Another important challenge for the implementation of Smart City concepts is that the initiatives of individual departments cannot remain cut off from one another. They must be connected in order to realize the full potential of the Internet of Things and create synergies. These include not only cooperation between different departments but also participation of citizens in innovation processes. To build such bridges, open platforms and open standards must be used.



A common language for urban infrastructure

Cities thereby solve another challenge at the same time because connected devices range from traffic lights and signs to parking spaces and waste bins. For managing such a diverse set of objects horizontal platforms are essential. They establish a common language for all the connected parts of the urban infrastructure. Even though today’s application platforms provide basic functionalities for analyzing the data collected, more elaborate and powerful evaluation methods for continuously growing data sets are becoming more and more important.

Evaluating these growing data volumes presents a special challenge. Cities often lack the resources to evaluate them meaningfully. That is why many cities and local authorities are starting to make these records available to citizens and local firms free of charge. The aim is to mobilise the innovation potential of the masses while at the same time safeguarding the privacy of individuals.

Collaborate with reliable partners

Wellington E. Webb, a former mayor of the city of Denver, once said: “The 19th century was a century of empires. The 20th century was a century of nation states. The 21st century will be a century of cities.” To make this happen, the challenges named above must be solved. Cities should look for partners that are experienced in large scale rollouts at both infrastructural levels. Partners should ideally cover a wide range of services from providing city administrations with consulting services to realizing projects. Deutsche Telekom is able to provide cities with suitable products, solutions and the necessary professional expertise. A local presence across Europe enables Deutsche Telekom to operate closer to the country-specific needs of a city. This makes Deutsche Telekom the right partner for successful smart city projects.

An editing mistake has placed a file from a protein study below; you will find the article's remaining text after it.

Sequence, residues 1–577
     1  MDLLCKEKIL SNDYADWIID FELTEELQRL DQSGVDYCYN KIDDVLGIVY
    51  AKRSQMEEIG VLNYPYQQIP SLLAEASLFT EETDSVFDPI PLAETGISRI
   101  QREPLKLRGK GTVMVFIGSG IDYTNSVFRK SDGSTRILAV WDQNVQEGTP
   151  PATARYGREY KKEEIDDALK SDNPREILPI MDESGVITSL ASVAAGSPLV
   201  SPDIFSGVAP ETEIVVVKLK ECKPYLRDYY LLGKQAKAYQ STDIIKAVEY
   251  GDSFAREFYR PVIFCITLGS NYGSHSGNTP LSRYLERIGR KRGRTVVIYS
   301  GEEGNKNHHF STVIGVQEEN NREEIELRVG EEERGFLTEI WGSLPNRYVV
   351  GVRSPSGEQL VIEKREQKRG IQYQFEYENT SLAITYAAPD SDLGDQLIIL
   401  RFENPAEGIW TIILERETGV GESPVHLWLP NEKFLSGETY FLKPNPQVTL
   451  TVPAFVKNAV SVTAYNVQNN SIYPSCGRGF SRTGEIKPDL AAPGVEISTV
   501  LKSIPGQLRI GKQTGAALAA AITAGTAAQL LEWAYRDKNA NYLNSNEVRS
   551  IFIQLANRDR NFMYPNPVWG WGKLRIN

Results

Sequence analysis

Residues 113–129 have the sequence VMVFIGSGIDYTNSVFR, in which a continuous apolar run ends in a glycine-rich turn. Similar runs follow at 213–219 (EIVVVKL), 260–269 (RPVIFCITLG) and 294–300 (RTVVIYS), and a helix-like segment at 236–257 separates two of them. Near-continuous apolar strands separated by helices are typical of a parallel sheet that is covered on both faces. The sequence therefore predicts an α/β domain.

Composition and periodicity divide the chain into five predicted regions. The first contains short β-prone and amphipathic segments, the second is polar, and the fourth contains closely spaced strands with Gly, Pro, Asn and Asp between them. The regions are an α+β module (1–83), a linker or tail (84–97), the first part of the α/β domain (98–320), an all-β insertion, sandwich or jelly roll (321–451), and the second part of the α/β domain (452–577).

It will take time before cities harness connected infrastructures, applications and services in a similar way to the port of Hamburg. What already works in these micocosms is much harder to transfer to cities as a whole due to the larger scale and the sheer number of use cases, stakeholders and interests. But the move to Smart Cities is inevitable in the long run to tackle the challenges municipalities are facing today and in the near future. Since it concerns both citizens, visitors, authorities, businesses and manufacturers, a city only becomes smart if everybody involved can share and participate in technical solutions in equal measure.

 Want to learn how integrated infrastructures enable the digital transformation of urban space? Check out our white paper on the future of our cities. Download it now.

Tags: ICT , infrastructure , public transport , connected city , Smart City , Smart Cities , Internet of Things , Machine-to-Machine , M2M , IOT , urban living

Comments (0)

No comments found!

Leave a reply

Your email address will not be published.
Required fields are marked.